See also: lymphocytic choriomeningitis virus.
Farlex Partner Medical Dictionary © Farlex 2012

lymphocytic choriomeningitis

An aseptic meningitis of low morbidity caused by an arenavirus, transmitted through rodent excreta, affecting adults in winter, when rodents move indoors Clinical Biphasic fever with flu Sx, followed by meningitis with fever, headache, lymphocytosis in CSF, often with leukopenia and thrombocytopenia–which may be a hyperimmune response DiffDx Infectious mononucleosis, enterovirus, HZV R
McGraw-Hill Concise Dictionary of Modern Medicine. © 2002 by The McGraw-Hill Companies, Inc.

lym·pho·cyt·ic chor·i·o·men·in·gi·tis

(lim'fō-sit'ik kōr'ē-ō-men'in-jī'tis)
Meningitis that usually occurs in young adults during the fall and winter months. Caused by a virus carried by the common house mouse.
See also: lymphocytic choriomeningitis virus
Medical Dictionary for the Health Professions and Nursing © Farlex 2012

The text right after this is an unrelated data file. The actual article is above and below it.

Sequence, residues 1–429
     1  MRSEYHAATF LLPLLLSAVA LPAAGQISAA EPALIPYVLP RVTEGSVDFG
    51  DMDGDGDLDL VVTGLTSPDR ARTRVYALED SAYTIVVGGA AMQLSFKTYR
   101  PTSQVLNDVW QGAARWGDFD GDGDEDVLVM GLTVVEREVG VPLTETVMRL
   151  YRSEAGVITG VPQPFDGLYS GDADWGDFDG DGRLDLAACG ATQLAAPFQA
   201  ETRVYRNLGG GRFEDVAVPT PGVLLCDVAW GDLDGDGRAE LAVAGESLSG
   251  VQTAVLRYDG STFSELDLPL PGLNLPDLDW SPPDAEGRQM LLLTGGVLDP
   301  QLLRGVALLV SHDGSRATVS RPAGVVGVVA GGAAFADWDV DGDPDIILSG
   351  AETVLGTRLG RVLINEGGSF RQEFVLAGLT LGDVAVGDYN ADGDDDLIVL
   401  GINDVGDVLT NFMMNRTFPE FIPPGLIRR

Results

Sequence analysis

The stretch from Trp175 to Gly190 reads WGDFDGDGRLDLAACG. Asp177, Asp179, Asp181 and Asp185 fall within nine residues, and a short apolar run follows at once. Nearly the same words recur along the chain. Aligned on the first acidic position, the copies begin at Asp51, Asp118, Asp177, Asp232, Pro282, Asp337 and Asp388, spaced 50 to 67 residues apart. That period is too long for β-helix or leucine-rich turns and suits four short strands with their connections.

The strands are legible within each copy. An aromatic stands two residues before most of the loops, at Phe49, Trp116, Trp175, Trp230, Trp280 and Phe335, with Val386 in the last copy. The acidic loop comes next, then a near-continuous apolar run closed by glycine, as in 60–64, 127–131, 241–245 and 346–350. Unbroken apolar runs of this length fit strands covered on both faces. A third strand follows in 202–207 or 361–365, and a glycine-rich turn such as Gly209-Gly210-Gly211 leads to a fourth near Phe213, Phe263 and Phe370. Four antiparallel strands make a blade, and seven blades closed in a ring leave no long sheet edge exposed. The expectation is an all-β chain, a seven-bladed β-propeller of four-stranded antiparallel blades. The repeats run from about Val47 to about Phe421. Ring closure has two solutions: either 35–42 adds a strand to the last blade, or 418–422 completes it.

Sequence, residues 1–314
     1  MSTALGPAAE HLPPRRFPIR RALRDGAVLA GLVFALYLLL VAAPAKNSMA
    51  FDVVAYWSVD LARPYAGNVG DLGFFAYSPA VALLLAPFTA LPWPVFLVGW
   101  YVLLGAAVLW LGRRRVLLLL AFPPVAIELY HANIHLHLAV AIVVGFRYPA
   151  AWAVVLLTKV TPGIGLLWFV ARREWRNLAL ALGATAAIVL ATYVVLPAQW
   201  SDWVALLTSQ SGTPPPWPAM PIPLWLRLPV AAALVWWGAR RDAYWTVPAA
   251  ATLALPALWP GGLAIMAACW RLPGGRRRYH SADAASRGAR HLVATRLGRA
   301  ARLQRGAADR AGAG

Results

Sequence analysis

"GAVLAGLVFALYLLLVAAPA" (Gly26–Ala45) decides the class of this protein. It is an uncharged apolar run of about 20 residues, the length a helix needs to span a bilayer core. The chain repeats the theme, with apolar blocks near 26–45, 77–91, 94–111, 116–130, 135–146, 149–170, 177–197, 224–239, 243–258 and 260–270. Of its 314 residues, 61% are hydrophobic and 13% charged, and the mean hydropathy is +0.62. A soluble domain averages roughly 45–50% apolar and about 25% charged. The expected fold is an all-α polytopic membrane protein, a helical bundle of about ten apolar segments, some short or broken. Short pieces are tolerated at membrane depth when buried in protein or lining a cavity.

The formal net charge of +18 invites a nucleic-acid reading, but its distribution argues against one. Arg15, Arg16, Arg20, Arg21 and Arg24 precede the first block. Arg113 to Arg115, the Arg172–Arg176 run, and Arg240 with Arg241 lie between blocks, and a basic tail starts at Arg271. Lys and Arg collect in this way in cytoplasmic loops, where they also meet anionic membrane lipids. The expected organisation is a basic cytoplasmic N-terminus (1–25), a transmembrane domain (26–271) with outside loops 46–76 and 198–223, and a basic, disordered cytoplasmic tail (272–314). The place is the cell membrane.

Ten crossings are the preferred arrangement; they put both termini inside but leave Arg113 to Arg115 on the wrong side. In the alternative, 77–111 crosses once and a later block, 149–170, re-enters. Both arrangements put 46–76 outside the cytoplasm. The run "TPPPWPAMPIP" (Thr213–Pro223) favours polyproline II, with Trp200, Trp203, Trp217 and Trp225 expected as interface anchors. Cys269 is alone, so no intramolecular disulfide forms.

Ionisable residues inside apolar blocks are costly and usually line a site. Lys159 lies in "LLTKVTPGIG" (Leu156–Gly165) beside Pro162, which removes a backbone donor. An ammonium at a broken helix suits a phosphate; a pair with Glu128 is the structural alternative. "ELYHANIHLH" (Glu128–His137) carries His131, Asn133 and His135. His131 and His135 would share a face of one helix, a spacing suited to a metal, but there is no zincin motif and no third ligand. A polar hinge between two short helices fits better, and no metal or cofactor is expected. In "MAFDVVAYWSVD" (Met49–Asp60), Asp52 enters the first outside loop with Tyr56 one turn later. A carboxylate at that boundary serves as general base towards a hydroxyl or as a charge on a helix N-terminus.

lymphocytic choriomeningitis

An acute viral MENINGITIS caused by an arenavirus, the lymphocytic choriomeningitis virus, spread by house mice.There is fever, aches and pains, a brief recovery, then a second stage with recurrenceof fever, headache and sometimes meningeal symptoms such as stiff neck. The condition is usually mild with complete recovery.
Collins Dictionary of Medicine © Robert M. Youngson 2004, 2005
References in periodicals archive ?
Prevalence of antibodies to lymphocytic choriomeningitis virus in blood donors in southeastern France.
Solid organ transplant--associated lymphocytic choriomeningitis, United States, 2011.
Lymphocytic choriomeningitis virus infection in organ transplant recipients--Massachusetts, Rhode Island, 2005.